Genesis P-Orridge on pandrogyny, psychedelic tourism, and how s/he invented industrial music

Jul 20, 2016 at 1:00 am
Genesis P-Orridge on pandrogyny, psychedelic tourism, and how he invented industrial music
Genesis P-Orridge | Photo by Drew Weidemann

Sixty-eight-year-old artist and musician Genesis Breyer P-Orridge went from the forefront of Britain's culture wars in 1973 with the performance group COUM Transmissions to starring as a model for Marc Jacobs's fall campaign this year. In between, he helped to create, and continually redefine, the genre of industrial music through his work with the absolutely brilliant bands Throbbing Gristle and Psychic TV.

This is a high profile time for the once-reclusive artist. In addition to the Jacobs campaign, P-Orridge was recently profiled in a lengthy New Yorker piece, is preparing to reissue the long out-of-print first Psychic TV album Force the Hand of Chance, is the subject of a solo exhibition at the Rubin Museum in New York City right now (Try to Altar Everything), and just released an acclaimed new Psychic TV album, The Alienist, that embraces their acid-house heyday vibes. Whew.

Forced out of London by a manufactured media scandal in the early 1990s, P-Orridge moved to New York City and married Lady Jaye Breyer P-Orridge. Together they embarked on an attempt to unite as a "pandrogyne," or single entity — it's short for "possible androgyne." This involved the use of surgical body modification to physically resemble one another. P-Orridge continued with this project after Lady Jaye's death in 2007. P-Orridge prefers to be referred to as s/he, and to this day frequently refers to the two of them as one entity, in the "royal we" tense.

Metro Times spoke with the innovative artist in advance of Psychic TV's July 23 performance at El Club.

Metro Times: How did you meet Lady Jaye Breyer P-Orridge?

Genesis Breyer P-Orridge: Jaye used to love to piss outside, on fire escapes and things. Her first nickname was Jackie Pissoix. She did this amazing thing early on in our relationship when we were bicoastal and she had this slave from the dungeon who was treating her — and somewhat reluctantly me — to this amazing meal. She was sitting in the middle.

He was there and we were on this side and all of a sudden, she gently got hold of my left hand and put it on her crotch and she wasn't wearing any panties and then she peed through my hand and just grinned at me really mischievously. And then we looked down — there must have been a slight slope in the restaurant, because this pool started to come from under the table and go across the floor. Because it was all candle-lit, nobody noticed it. So the waiters were going up and down and trailing it, tracking it all over the restaurant. And I thought, 'This is my kind of woman!'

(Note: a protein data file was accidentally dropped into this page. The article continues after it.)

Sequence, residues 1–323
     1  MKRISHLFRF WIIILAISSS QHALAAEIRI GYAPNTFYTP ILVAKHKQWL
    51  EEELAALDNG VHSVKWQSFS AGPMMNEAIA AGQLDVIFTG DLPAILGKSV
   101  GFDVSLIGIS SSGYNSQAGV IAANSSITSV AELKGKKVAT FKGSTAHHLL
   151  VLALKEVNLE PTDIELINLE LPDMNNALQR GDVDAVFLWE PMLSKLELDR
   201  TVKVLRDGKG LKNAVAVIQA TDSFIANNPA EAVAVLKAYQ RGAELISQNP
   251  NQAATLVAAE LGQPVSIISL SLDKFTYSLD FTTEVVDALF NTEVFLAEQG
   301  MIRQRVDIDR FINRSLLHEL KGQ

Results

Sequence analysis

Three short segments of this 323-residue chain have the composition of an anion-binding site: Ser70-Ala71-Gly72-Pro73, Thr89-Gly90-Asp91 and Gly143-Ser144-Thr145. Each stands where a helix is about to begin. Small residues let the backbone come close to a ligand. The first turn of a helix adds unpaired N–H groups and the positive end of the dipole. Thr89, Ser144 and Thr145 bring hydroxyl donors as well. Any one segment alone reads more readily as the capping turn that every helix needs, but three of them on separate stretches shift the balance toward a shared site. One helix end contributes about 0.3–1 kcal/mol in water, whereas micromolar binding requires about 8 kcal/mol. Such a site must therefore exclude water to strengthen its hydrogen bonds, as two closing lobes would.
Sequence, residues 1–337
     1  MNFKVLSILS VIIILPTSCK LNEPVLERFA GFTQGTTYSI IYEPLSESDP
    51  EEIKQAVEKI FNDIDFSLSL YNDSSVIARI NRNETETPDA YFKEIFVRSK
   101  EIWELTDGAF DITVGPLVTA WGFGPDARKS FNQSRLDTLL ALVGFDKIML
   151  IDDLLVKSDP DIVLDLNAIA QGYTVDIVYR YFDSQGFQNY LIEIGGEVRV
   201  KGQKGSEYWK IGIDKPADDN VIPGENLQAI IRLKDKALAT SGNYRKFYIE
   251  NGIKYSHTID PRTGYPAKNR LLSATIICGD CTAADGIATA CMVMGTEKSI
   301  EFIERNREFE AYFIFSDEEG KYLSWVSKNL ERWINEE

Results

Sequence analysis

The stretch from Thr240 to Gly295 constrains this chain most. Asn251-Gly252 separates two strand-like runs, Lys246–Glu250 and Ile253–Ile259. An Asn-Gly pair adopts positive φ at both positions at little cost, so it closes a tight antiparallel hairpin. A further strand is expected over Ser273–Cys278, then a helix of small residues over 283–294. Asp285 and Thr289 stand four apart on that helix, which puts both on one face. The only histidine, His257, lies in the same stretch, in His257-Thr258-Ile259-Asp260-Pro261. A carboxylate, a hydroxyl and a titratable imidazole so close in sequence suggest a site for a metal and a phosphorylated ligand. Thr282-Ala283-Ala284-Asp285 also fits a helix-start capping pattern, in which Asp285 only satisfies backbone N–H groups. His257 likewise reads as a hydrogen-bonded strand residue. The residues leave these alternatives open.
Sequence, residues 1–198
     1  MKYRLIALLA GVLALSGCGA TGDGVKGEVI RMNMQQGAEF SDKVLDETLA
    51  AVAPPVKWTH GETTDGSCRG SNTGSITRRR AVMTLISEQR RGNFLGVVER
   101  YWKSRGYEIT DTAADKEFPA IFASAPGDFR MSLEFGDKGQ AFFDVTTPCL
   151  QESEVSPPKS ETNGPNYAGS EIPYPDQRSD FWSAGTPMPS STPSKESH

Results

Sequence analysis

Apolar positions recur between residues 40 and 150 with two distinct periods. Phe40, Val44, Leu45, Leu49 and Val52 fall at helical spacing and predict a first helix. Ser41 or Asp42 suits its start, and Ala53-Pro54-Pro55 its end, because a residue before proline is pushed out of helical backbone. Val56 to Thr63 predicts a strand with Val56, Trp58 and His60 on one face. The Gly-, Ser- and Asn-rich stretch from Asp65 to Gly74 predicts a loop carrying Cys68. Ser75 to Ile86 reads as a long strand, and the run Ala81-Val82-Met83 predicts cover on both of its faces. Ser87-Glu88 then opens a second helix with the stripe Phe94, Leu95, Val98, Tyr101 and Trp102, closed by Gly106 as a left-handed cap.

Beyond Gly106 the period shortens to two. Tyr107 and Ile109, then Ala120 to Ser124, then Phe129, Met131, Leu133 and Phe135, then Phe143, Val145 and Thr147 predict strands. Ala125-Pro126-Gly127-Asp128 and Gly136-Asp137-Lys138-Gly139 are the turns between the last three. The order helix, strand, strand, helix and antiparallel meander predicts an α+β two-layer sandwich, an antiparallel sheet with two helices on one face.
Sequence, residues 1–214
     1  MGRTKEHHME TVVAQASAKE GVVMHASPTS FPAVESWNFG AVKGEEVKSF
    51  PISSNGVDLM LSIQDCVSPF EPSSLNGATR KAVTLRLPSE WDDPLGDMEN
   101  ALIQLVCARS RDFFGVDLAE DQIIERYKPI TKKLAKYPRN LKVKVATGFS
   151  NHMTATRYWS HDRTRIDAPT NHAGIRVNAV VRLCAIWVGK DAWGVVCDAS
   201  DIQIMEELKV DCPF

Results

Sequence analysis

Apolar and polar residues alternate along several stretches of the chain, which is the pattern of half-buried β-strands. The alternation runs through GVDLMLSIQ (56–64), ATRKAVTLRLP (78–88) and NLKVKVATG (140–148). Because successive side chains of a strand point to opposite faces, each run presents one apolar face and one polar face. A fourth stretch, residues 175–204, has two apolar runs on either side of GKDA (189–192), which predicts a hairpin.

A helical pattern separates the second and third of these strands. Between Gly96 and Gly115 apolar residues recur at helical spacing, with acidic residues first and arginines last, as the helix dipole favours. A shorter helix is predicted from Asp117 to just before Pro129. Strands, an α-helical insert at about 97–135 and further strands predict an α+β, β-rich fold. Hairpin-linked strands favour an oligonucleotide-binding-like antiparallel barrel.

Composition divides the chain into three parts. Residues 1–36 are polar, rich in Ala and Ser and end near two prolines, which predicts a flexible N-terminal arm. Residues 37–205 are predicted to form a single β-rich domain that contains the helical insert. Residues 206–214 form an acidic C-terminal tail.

MT: And you were never apart again?

P-Orridge: Well, it was a bi-coastal love affair for a while. We would speak every night on the phone, two or three hours often. It was after the fire that she moved. She was in New York and somebody rang her up and said, "There was just a newsflash on MTV about Gen; Gen is in intensive care after a fire." She found out where the hospital was and rang up. And they wouldn't say anything because she wasn't a relative. They just said that we were in intensive care, so she bought a plane ticket and arrived and because she was a nurse she showed her ID and everything and they let her come into the ICU with me.

And she immediately climbed into the bed and masturbated me. It was brilliant. There were all these tubes and things going beep, beep. At one point, of course, another nurse came in and went' "Oop!" But they weren't upset; they just thought it was very funny. And she just said, "I can't trust you to be on your own. So I'm going to have to move out here." After about a year or so we went back. She was kind of sick of California, so that was another impetus to come to New York. We love it here. We've lived here longer than anywhere else we've ever lived.

MT: You must have a very high tolerance for pain.

P-Orridge: So they say. We used to — I mean, with the surgeries.

MT: Not to mention the aggressive atmosphere of the school that you attended as a child, which you've spoken of before. Do you think that the sound of post-World War II England being rebuilt affected your music? I mean the sound of construction, the sound of building, the sound of industry.

P-Orridge: Not directly. We mainly grew up in the Manchester area. We remember the steam engines being phased out and cut up for metal. All the empty and burned-out buildings. And then the cotton industry, being the main industry in Manchester, died out when America got really productive. The war killed that. So we saw the whole industrial England disintegrate and that definitely affected my vision of the culture. And that was part of what became the industrial music concept — this very strong sense of seeing the empire and the culture and the arrogance of Britain decay and fall apart, and there being no real expression of that in music or the arts or anything.

MT: Do you view pandrogyny as an art project?

P-Orridge: Well, yes. But also it's other things, too — an evolutionary concept. Everything we do is art, philosophy, mysticism, cultural commentary. They're all like that. We're always very open to go to where they lead us. It didn't begin like that.